Protein synthesis and rapid recovery of endothelium-dependent dilation after endothelial injury of pial arterioles

Rosenblum, W.I.; Nelson, G.H.; Murata, S.

American Journal of Physiology 268(1 Pt 2): H512-H515

1995


ISSN/ISBN: 0002-9513
PMID: 7530925
Accession: 009267755

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Abstract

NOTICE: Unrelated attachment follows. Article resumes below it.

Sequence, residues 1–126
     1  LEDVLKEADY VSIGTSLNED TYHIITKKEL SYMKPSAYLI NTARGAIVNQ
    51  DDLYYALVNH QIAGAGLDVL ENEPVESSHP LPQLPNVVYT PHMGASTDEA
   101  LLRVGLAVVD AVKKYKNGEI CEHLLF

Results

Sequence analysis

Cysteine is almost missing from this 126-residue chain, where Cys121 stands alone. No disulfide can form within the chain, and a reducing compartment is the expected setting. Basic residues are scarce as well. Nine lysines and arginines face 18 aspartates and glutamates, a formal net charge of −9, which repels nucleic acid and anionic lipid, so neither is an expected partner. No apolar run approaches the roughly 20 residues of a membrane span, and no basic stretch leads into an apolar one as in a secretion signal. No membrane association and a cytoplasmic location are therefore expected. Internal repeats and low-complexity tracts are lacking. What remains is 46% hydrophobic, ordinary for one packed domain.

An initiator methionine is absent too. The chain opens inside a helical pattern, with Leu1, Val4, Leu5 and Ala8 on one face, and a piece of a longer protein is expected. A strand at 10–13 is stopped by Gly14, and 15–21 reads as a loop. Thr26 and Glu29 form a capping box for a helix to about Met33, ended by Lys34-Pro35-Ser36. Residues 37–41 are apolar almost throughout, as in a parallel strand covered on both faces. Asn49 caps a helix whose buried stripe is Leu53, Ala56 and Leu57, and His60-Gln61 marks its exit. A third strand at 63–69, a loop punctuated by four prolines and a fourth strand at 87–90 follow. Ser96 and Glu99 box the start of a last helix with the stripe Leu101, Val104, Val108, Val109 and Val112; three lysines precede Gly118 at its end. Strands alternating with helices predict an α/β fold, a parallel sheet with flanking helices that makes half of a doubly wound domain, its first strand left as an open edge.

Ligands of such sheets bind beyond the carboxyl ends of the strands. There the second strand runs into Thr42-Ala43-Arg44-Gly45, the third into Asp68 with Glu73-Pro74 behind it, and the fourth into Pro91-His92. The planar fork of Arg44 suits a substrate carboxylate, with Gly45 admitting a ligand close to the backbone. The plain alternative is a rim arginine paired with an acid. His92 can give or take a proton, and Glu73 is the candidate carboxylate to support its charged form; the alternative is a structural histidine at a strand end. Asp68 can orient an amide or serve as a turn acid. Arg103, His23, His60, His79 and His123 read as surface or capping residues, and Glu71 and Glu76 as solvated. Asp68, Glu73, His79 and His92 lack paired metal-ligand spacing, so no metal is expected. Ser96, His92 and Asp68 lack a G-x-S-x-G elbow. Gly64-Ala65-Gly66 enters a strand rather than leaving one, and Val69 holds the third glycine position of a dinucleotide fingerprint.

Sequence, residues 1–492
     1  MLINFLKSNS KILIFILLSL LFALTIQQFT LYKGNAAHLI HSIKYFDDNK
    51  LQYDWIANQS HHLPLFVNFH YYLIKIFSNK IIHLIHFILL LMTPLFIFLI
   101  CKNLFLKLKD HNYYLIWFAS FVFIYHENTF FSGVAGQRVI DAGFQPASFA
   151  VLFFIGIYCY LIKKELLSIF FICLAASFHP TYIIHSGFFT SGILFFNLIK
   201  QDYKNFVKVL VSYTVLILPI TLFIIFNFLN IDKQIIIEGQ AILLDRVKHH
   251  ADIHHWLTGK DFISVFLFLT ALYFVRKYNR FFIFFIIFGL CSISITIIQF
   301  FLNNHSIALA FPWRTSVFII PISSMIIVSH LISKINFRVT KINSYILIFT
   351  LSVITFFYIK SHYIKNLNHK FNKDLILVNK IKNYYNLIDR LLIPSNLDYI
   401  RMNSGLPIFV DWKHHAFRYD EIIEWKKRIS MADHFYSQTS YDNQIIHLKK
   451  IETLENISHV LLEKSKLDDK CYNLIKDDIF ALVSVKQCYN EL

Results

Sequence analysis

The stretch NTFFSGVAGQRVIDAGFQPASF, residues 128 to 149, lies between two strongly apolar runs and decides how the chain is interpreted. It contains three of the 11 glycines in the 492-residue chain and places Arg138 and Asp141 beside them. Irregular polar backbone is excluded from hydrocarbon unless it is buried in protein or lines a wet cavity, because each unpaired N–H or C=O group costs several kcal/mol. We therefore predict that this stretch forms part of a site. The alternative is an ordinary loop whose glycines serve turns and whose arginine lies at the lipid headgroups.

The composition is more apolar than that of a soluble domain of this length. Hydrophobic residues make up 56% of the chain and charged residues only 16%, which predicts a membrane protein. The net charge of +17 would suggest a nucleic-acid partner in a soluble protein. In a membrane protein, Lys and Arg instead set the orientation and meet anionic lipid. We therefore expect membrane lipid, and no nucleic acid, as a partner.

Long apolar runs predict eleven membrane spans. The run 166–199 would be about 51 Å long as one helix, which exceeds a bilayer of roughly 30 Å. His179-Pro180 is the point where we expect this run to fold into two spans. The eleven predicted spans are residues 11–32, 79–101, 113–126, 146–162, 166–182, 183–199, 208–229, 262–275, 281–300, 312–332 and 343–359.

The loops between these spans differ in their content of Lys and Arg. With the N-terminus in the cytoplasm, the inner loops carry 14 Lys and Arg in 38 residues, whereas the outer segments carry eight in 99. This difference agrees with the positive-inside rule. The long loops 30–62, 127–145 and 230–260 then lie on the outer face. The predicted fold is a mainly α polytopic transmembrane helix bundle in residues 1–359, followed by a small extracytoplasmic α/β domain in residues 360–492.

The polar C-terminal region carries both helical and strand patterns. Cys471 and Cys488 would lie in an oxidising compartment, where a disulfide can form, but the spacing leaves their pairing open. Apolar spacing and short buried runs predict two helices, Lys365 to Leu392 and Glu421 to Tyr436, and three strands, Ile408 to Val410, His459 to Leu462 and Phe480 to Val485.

A laser-dye technique is known to injure selectively microvascular endothelium in situ. With the use of the arterioles on the surface of the mouse brain (pial arterioles), the endothelial injury is manifest by loss of several endothelium-dependent responses, including the dilation produced by topical application of acetylcholine (ACh), bradykinin (BK), and calcium ionophore A-23187. The responses normally recover by 60 min following injury. The present study shows that inhibitors of protein synthesis prevent the recovery. Either actinomycin D (Act-D; 1 mg/kg) or cycloheximide (CX; 10 mg/kg) was injected intraperitoneally 35 min before the light-dye injury. The CX was used in separate studies with ACh, BK, and ionophore. In each study, recovery of the endothelium-dependent dilation failed to occur 60 min after injury, while recovery occurred in contemporary vehicle-treated controls. Act-D was used in separate studies of ACh and BK. Again, recovery of endothelium-dependent dilation was prevented. Neither CX nor Act-D inhibited the response to ACh in uninjured vessels. Thus response to ACh was intact in such arterioles 90 min after the injection of CX or Act-D. CX was also given to uninjured mice and was found to have no inhibitory action on the response to ionophore 90 min later. CX and Act-D inhibit protein synthesis by very different mechanisms, inhibition of translation and of transcription, respectively. Because both prevented recovery of the endothelium-dependent responses, we conclude that one or more rapidly synthesized proteins are required for the recovery.